This winter at the League, we are very excited to finally be launching a project focused on Haiku. Many of our members are working very actively in this precise form, and we’re thrilled to be showcasing it at long last, and just in time for National Haiku Month, with a national contest! Open to members and non-members, the contest will showcase the art of Haiku and award the winner with 10 shirts featuring their poem, as well as with international publication in the Poem in Your Pocket Day booklet.

Two of our members working in Haiku were selected to be the jurors for this inaugural contest, and we are happy to have them on the blog today discussing the art form, as well as what they’re looking for in submissions. Read on for our interview with jurors Terry Ann Carter and Naomi Beth Wakan!

LCP: What first piqued your interest in Haiku? Why have you pursued this form specifically?

TERRY ANN CARTER: I happened to be at the university of Toronto attending a League of Canadian Poets conference. I saw a posting for a haiku reading at Hart House and I attended. This was many years ago. I was moved by the silence around each haiku, its brevity, its purity, its simpleness. I have been trying to write haiku ever since.

NAOMI BETH WAKAN: I went to live in Japan for a couple of years and helped a Japanese friend translate her haiku into English. This was my first contact with haiku. I found haiku’s brevity very appealing as I am a loquacious person, and being able to condense a universe into a few words was an attractive challenge.

LCP: Do you have any favourite Haiku poets? What makes their work stand out to you?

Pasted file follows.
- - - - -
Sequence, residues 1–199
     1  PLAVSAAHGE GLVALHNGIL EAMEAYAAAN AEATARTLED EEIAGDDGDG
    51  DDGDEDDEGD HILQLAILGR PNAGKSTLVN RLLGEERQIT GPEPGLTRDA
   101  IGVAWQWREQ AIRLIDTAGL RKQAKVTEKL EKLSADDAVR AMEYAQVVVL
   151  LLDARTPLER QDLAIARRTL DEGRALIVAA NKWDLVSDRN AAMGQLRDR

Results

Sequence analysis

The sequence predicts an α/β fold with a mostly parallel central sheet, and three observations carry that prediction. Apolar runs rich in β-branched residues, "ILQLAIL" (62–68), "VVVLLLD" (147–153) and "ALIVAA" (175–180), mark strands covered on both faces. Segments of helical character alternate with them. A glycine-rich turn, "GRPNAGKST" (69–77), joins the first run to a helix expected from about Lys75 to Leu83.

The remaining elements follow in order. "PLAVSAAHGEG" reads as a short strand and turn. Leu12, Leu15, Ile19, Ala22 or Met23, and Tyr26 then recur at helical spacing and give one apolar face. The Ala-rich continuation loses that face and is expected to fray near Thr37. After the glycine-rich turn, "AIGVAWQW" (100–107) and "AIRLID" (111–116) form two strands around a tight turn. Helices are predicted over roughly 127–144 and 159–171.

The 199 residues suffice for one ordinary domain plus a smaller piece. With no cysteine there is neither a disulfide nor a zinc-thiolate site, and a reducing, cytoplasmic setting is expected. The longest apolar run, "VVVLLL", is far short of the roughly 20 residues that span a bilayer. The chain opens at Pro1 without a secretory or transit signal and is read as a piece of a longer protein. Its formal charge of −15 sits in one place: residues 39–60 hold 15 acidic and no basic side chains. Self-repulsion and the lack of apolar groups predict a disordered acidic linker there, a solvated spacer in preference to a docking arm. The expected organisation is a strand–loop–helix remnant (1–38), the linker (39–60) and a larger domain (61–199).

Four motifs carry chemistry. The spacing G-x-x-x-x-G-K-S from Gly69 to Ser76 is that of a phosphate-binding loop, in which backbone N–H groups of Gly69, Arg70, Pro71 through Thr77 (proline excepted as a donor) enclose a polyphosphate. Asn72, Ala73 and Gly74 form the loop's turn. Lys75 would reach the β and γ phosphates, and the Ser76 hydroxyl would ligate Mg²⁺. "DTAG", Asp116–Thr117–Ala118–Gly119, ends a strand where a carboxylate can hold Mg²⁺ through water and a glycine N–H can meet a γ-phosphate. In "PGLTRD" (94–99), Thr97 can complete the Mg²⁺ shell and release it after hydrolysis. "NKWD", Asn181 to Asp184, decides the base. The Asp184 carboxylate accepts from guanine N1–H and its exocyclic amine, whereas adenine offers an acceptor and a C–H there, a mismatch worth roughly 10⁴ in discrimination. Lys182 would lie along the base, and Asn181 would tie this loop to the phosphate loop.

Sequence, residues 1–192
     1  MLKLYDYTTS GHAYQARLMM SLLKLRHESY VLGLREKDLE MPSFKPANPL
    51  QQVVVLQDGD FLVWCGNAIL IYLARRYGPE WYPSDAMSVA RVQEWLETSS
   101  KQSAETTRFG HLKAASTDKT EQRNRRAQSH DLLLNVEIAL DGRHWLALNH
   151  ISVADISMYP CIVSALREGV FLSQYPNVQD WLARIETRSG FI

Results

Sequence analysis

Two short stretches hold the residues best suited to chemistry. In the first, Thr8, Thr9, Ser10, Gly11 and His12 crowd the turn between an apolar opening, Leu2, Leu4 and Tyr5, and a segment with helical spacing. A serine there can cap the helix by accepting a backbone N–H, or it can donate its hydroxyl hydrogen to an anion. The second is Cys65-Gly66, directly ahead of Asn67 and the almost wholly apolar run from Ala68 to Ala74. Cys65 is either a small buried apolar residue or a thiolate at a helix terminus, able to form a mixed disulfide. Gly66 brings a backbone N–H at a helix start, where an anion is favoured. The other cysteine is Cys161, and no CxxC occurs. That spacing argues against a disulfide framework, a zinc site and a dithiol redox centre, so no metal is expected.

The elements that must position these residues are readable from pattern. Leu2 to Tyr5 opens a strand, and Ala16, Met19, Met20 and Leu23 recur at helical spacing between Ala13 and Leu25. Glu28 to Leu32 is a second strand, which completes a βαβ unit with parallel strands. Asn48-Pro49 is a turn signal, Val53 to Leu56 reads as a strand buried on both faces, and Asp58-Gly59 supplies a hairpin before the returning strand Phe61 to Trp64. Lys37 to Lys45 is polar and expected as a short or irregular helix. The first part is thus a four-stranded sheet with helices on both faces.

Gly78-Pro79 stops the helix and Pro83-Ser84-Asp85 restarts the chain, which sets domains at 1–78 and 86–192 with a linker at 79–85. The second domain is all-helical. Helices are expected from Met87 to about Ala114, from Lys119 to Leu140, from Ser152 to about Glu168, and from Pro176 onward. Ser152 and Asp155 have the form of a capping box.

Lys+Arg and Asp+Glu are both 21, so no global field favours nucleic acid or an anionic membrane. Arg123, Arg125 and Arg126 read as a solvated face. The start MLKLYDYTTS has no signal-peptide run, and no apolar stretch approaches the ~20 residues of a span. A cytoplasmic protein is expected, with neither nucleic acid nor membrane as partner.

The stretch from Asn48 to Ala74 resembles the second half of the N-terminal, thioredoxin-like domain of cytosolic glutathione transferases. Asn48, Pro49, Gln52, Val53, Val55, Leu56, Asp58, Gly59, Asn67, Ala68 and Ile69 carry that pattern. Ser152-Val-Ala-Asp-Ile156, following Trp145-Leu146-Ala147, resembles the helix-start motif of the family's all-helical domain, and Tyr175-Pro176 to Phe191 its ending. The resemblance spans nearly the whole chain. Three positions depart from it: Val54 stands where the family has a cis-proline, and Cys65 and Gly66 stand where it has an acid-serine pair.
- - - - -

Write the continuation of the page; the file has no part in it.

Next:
NBW: Winona Baker’s book “Moss-Hung Trees” had a great influence on me for its ability to hit target every I also find my fellow judge’s haiku to be noted for their sensitivity and fine images. In my early days in haiku-writing Alice Frampton’s work struck me by its everyday simplicity, yet great profundity. Work by all of them can be found online.

TAC: My favourite Classical Japanese haiku poets are Chiyo-ni, Issa, and Shiki. My favourite contemporary poets are Roberta Beary, Scott Mason, Marco Fraticelli, and Claudia Radmore.

LCP: What would you say is a common misconception about Haiku?

TAC: That haiku needs to counted out in syllables. It is the moment, not the syllables, that is important.

NBW: Haiku written in English do not consist of 3 lines of 5,7,5 syllables. The Japanese sound syllable (on) of 1-3 letters has no similarity to the English syllable. Haiku of 5,7,5 English syllables often sound over-weighted with information and too heavy in words for them to be effective. In English, haiku-writing consisting of three lines of two, beats, three beats, two beats is common practice.

LCP: What are you looking for in the winning Haiku?

NBW: Two simple, everyday images juxtaposed that together open me to a wider understanding of the universe.

TAC: I am looking for a new way to see the age old seasons. I am looking for new depths to the human condition expressed in the simple language of haiku.

LCP: If you could offer one piece of advice to poets new to Haiku, what would it be?

TAC: Read. Read. Read. Find haiku before you begin to write

NBW: Read, read, read. Write, write, write.

We were also pleased to have both judges share some of their favourite Haiku with us. Read their picks below, and then head on over to the Haiku contest page to submit!

Terry Ann Carter’s choice, by Japanese poet Yoshino Satake:

in the cold —

a runner breathing out

his life

And Naomi Beth Wakan’s choices:

for I who go

for you who stay

two autumns

— Shiki


tarai kara

tarai ni utsuru



from washbasin

to washbasin changing

all is nonsense!

— Issa